Since Ann Hui’s 1987 adaptation of The Book and the Sword, no female director has tackled the genre of wuxia for a major film (unless you count Kung Fu Panda 2). Li Fangfang, who first won the prestigious Golden Eagle Award for a script she wrote in high school, is not afraid to try.
Earlier this year, director Li Fangfang (Forever Young, Heaven Eternal Earth Everlasting) and the guiding light to my soul announced the two projects she’s currently working on – ancient drama Sage 士 and wuxiaSword 剑来 (rough English translation of titles by me). Although, given how it took six years for her last film took to screen, it might be many years before we see either film.
Based on the book of the same name by Feng Huo Xi Zhu Hou 烽火戏诸侯, Sword is set in a world of philosphical battle, where the four main groups – the Confucians, the Taoists, the Buddhists, and the yao 妖 – fight with each other to build their visions of utopian societies. Swords are but tools used to build realms based on one’s ideological pursuit, and kingdoms rise and fall based on the guiding principles of the rulers.
I cried three times in the process of editing this review. This sweepingly beautiful but simple ode to Tsinghua University is a tear-jerker for all seasons.
Set against one of the most stunning visuals of the year, Forever Young 无问西东 tells its simple tales with an incredibly romantic lens that makes it difficult not to admire. Director Li Fangfang (Heaven Eternal, Love Everlasting) always manages to play my emotions just right to evoke all my emotions for the world she captures.
The film from centers around four loosely connected stories of six characters (played by Wang Leehom, Zhang Ziyi, ChangChen, Huang Xiaoming, Tie Zheng, and Chen Chusheng) facing their true selves through making difficult choices, from scary ones like life-and-death decisions to the even scarier decision of picking a college major. Continue reading →
Reasons why Zhang Ziyi is still a queen. Also, #BestCinematography
My most anticipated film since forever, Forever Young 无问西东 has finally set a release date for January 14th! I really hope someone picks it for a NA release.
Starring Zhang Ziyi, Huang Xiaoming, Chang Chen, Wang Leehom, and Chen Chusheng, director Li Fangfang’s ode to Tsinghua University focuses on the coming-of-age of the school and the nation as depicted through five of its students through the year.
The movie’s had three trailers and all of them are extremely gorgeous, but I still have no idea what the plot is.
Starring Zhang Ziyi, Huang Xiaoming, Chang Chen, Wang Leehom, and Chen Chusheng, the ode to Tsinghua University focuses on the coming-of-age of the school and the nation as depicted through five of its students.
Is this really Sun Quan from Red Cliff? He looks younger, now that almost two millenium have passed..
Upcoming film Forever Young无问西东 doesn’t go easy on the star power. In the exact opposite of what usually happens during Photoshoot Fridays, Zhang Ziyi is outnumbered by males, aka Huang Xiaoming, Wang Leehom, Chang Chen, and Chen Chusheng in what appears to be a Republican era movie.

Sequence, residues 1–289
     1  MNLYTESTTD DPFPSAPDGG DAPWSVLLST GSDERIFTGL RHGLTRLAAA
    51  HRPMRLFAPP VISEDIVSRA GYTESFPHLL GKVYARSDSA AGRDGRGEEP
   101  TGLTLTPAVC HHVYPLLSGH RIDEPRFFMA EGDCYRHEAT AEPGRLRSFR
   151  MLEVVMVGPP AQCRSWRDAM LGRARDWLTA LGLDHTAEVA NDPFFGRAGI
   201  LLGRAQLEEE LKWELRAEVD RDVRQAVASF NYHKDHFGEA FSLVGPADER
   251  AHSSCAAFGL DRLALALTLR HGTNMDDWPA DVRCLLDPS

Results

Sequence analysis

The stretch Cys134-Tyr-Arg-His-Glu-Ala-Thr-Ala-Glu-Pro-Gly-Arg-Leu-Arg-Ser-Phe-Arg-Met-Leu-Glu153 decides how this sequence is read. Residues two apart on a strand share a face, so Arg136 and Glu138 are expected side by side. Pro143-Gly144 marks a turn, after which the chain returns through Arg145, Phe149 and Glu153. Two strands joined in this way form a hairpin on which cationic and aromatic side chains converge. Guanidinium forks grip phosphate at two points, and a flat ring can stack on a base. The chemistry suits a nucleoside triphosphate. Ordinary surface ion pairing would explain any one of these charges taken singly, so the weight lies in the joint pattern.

Here, four youths with different experiences and paths come to walk on the same path (surprise, surprise). Chen Chusheng’s character starts off principled and strong willed, but quickly becomes lost; Wang Leehom’s character carries heavy luggage, bearing the hopes of others with each step he takes. Meanwhile, Huang Xiaoming’s character’s steps are stopped by love, for there are people who must be taken care of. The more troubled Chang Chen’s character feels, the calmer he appears. All of them seek to find their ideal self, and on their journey, they experience love/hate/etc, life and death, numerous struggles…
All in all, Forever Young 无问西东 offers the promise of another coming-of-age story (but…a pretty one, woohoo!) The film is directed by Li Fangfang; more stills below the cut.
The film unfortunately did not win anything at Tokyo which makes me extremely sad. This makes the film less marketable, and everyone involved less marketable, and that would be just a shame because I don’t recall the last time I became so interested in a film simply from reading a synopsis, watching the trailer, and watching the interviews from the lovely cast and crew.
The film tells the story of an intelligent girl, Shen Xingchen (Liu Dong ) as she goes from age 16 in high school to work at age 30, from 1993 to the 2008 Beijing Olympics, the most rapid times in China’s development. Throughout, the theme is an idea of is there anything everlasting in this world? Is there everlasting love? This is the question that Shen faces, along with her love, childhood friend Ming Yuan (Huang Ming). Both are scarred emotionally from the devastating ways their parents’ relationships ended and wonder whether love is worth it if eventually, it simply doesn’t last.
At first I just wanted to see this because of Huang Ming, but after watching the trailer (seriously, watch it) and reading about it, it looks so amazing, from the story to the art direction.